The quaternionic Seiberg-Witten equations

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I consider the Spin-H structures (H the field of quaternions) which are like the well-known Spin-C structures, Spin(n).SU(2)/ {1,-1} over space-time of four dimension. So I can define the quaternion Seiberg-Witten equations which are non-abelian theory (like the instantons of Donaldson). My questions are "Are the moduli spaces so defined compact?" and "Are the quaternion SW invariants interesting?"

recategorized Aug 10, 2018

EW equations are somehow an approximation of those of Donaldson which showed that these moduli spaces are in general not compact. Or else, are you speaking of vector bundles over the quaternions ?

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I consider a tensor product between the spinor vector bundle and a SU(2) bundle; a Spin-H structure. I take the Dirac operator D_A with a SU(2)-connection A. And next I consider the quaternion SW equations :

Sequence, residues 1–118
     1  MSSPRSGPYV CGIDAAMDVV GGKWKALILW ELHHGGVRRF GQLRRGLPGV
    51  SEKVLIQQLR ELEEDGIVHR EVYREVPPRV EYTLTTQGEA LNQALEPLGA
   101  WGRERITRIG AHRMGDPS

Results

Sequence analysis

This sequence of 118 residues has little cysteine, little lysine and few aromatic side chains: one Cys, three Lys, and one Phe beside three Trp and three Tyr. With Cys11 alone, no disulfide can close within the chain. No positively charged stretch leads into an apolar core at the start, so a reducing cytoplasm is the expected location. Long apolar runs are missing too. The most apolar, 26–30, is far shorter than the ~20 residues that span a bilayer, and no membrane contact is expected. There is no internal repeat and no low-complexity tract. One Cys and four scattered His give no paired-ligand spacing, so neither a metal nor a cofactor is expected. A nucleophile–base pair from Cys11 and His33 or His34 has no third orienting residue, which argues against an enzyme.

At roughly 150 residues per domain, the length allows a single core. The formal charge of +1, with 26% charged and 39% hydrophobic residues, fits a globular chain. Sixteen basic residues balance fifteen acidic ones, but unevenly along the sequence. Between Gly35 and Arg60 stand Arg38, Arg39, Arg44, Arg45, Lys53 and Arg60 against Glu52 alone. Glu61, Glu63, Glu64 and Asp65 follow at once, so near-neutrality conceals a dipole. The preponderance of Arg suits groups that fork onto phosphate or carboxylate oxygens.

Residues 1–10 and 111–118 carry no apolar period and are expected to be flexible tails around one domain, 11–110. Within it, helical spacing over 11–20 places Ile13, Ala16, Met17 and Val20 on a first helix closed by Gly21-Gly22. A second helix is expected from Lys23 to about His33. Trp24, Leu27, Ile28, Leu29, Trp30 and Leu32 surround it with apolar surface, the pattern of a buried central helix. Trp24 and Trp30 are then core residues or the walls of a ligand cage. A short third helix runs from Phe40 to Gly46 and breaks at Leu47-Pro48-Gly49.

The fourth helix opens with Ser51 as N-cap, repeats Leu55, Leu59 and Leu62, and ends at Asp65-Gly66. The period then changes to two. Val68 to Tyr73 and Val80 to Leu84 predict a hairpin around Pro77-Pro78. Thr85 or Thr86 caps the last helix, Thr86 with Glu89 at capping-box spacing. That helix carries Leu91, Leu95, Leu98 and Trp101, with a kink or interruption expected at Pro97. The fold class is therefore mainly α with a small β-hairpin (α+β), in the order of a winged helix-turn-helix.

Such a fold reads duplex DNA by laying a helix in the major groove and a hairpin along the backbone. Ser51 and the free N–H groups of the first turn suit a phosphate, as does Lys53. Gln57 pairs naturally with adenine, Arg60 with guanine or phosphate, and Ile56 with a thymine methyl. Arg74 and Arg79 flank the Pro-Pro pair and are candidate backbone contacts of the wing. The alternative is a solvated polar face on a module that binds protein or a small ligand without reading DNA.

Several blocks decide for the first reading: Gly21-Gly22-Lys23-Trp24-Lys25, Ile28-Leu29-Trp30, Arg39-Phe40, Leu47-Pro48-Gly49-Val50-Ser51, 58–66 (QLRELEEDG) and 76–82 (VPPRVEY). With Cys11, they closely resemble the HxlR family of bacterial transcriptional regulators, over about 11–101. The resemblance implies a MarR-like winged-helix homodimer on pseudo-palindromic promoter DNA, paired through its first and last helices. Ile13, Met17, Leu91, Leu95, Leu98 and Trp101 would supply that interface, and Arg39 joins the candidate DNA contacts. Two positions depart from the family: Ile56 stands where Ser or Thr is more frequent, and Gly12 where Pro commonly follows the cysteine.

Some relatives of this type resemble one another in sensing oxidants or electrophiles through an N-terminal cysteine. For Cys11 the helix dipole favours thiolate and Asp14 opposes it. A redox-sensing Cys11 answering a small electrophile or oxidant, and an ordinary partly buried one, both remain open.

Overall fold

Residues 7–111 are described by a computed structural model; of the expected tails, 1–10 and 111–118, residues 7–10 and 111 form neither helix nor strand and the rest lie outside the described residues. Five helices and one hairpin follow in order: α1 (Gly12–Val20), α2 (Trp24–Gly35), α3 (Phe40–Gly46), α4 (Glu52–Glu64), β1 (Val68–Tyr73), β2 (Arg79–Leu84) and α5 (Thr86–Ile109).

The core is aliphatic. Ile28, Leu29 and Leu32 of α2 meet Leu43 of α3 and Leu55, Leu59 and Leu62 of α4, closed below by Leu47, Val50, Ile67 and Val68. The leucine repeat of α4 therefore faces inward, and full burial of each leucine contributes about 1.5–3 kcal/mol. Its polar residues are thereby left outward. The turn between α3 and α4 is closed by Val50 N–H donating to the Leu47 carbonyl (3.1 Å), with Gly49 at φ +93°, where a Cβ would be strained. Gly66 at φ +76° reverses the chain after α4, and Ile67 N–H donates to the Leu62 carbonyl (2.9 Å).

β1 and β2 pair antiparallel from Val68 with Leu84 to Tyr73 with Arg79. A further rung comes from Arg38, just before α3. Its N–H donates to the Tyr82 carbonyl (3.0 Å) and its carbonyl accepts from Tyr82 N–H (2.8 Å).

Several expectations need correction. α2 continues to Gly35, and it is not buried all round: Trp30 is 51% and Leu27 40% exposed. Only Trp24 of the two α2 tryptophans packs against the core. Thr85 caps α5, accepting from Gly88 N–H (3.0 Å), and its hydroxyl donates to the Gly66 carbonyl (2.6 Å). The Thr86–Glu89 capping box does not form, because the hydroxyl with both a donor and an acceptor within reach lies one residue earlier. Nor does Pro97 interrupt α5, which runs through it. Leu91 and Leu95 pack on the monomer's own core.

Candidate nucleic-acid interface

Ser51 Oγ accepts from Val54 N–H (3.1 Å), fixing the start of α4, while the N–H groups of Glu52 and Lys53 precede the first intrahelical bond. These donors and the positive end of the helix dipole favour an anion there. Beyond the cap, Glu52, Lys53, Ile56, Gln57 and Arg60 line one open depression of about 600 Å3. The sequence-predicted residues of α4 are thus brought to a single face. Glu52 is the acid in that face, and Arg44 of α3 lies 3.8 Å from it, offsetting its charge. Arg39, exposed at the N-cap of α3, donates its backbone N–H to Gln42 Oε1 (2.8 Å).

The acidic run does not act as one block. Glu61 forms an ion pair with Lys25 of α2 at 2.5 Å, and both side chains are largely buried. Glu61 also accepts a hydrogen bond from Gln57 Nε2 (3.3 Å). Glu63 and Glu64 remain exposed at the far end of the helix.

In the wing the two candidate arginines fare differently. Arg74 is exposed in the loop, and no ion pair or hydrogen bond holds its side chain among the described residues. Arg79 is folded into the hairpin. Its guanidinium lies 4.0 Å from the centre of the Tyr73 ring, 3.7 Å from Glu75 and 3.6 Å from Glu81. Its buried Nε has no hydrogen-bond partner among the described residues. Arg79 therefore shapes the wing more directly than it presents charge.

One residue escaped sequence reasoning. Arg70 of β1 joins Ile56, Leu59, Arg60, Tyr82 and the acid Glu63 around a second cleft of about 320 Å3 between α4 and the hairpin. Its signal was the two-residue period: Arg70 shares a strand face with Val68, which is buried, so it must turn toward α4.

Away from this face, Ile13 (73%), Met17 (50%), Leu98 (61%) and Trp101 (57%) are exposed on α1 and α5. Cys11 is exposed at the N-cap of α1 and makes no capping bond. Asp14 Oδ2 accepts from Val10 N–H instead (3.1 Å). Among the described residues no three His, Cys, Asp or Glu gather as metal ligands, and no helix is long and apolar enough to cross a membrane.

D_A (psi)=0

F_+ (A)=  q(psi)

psi is a quaternion spinor and F_+(A) is the self-dual part of the curvature of the connection A which is an imaginary quaternion.

The moduli spaces are perhaps not compact (Uhlenbeck's lemma?) but perhaps can also be compactified and may give new invariants of four manifolds.

answered Jun 27, 2018 by (280 points)
edited Jun 27, 2018

perhaps this completes the question but it is not an answer

You can find a beginning of answer at the following link: vixra.org/abs/1804.0003

Very clear background for the question... In general, compacity is 'rare' and authors try to build remarkable cases where it can be found. ie Mod 2 Seiberg-Witten invariants of homology tori

I am trying to show compacity of the moduli spaces, following a book of Thomas Friedrich AMS vol 25. I asked also myself that quaternion numbers may be more deep in physics and that we could rewrite the Hilbert space in Quantum Mechanics with a tensor product with the quaternions. Perhaps that we could make a well-founded Quantum Theory of Hamilton numbers...??? In fact, we could replace the complex numbers by the quaternion numbers(?).

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